By contrast, the DOJ has much greater leeway to bring fraud cases under the wire fraud statute, which  “reach[es] any scheme to deprive another of money or property by means of false or fraudulent pretenses, representations, or promises,” Carpenter v. United States, 484 U.S. 19, 27 (1987), as long as that scheme is carried out “by means of wire, radio, or television communication in interstate or foreign commerce,” 18 U.S.C. § 1343 – i.e., any telephonic, electronic, or digital communication that crosses state lines.[5]  To obtain a conviction under Section 1343, the government need not prove: (i) that the victim of the fraud suffered economic loss; (ii) that the perpetrator of the fraud obtained a benefit; (iii) that the property subject to the scheme was tangible; (iv) that any misrepresentations or omissions conveyed in the course of the scheme meet the standard for materiality under Section 10(b) of the Exchange Act and related Supreme Court precedent;[6] or (v) that such misrepresentations and omissions actually were transmitted via “wire.”[7]  Indeed, this is not the first time that the DOJ has relied on the wire fraud statute to pursue insider trading “stretch cases” on theories that are not captured by the federal securities laws – and where the SEC could not necessarily act.  In United States v. Blaszczak, for example, the DOJ obtained a conviction for insider trading activity based on the misappropriation of a government agency’s confidential nonpublic information, without having to prove two of the necessary elements under Section 10(b) of the Exchange Act and Rule 10b-5:  (i) that the party disclosing the information received a “personal benefit”; and (ii) that the party receiving the information knew “that an insider breach[ed] a duty to the owner of the property.”  947 F.3d 19, 36 (2d Cir. 2019).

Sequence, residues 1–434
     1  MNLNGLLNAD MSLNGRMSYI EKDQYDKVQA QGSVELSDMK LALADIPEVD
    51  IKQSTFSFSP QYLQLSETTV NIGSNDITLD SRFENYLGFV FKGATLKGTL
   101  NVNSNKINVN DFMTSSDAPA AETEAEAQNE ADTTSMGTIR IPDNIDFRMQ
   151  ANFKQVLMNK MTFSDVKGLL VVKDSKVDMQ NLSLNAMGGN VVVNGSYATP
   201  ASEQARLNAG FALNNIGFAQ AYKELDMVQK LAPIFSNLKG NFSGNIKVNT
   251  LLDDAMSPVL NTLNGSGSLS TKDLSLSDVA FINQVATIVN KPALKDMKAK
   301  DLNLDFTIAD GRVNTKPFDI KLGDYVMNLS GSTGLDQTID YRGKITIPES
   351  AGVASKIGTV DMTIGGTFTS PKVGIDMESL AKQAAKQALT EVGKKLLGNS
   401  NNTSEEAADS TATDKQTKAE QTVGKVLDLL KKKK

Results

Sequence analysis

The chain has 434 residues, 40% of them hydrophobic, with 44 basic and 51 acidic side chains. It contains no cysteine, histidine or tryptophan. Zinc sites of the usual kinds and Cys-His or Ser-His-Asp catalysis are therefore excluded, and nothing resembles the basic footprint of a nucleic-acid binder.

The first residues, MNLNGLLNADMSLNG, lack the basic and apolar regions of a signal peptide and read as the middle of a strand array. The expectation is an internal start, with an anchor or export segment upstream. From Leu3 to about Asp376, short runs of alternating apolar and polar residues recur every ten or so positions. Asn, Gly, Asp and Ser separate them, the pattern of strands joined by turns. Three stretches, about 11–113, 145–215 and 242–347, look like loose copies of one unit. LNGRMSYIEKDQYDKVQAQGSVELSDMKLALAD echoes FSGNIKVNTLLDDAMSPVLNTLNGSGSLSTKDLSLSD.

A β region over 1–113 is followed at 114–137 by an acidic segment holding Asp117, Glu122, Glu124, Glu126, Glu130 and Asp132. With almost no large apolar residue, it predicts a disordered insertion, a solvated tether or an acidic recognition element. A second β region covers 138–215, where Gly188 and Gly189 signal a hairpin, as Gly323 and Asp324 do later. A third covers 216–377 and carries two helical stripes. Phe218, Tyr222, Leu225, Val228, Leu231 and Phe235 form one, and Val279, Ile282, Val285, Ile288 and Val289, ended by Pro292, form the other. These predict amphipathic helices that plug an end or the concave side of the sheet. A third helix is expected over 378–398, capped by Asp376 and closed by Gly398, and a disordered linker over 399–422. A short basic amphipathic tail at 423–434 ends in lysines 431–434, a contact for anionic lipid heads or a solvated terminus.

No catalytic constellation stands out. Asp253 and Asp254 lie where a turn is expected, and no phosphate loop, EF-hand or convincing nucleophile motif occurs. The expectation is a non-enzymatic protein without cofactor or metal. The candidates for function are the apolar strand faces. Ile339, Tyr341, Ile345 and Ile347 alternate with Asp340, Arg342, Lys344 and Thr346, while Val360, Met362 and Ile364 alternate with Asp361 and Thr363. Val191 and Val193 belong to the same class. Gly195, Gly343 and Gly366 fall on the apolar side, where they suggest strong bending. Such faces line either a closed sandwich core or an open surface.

The government’s willingness to pursue insider trading cases using the theory advanced in the Chastain indictment also has significant implications for digital asset platforms and their patrons that operate outside the United States.  Unlike the securities fraud statute, the wire fraud statute can be enforced against schemes to defraud that took place largely outside the United States, as long as the scheme includes “conduct relevant to the statute’s focus – that is, the use of the wires in furtherance of the schemes to defraud – occurring in the United States,” and as long as the “use of the ... wires” was “essential, rather than merely incidental, to [the] scheme to defraud.” United States v. Napout, 963 F.3d 163, 180 (2d Cir. 2020) (internal quotation marks omitted).  This extraterritorial test is far less onerous for the government than the one it must meet under Morrison to charge Section 10(b) for transactions outside the United States.   See Morrison v. Nat'l Australia Bank Ltd., 61 U.S. 247, 267 (2010) (“[I]t is . . . only transactions in securities listed on domestic exchanges, and domestic transactions in other securities, to which § 10(b) applies.”). Charges for conspiracy, as well as aiding and abetting, may also be easier to prove with respect to digital asset transactions under the wire fraud statute.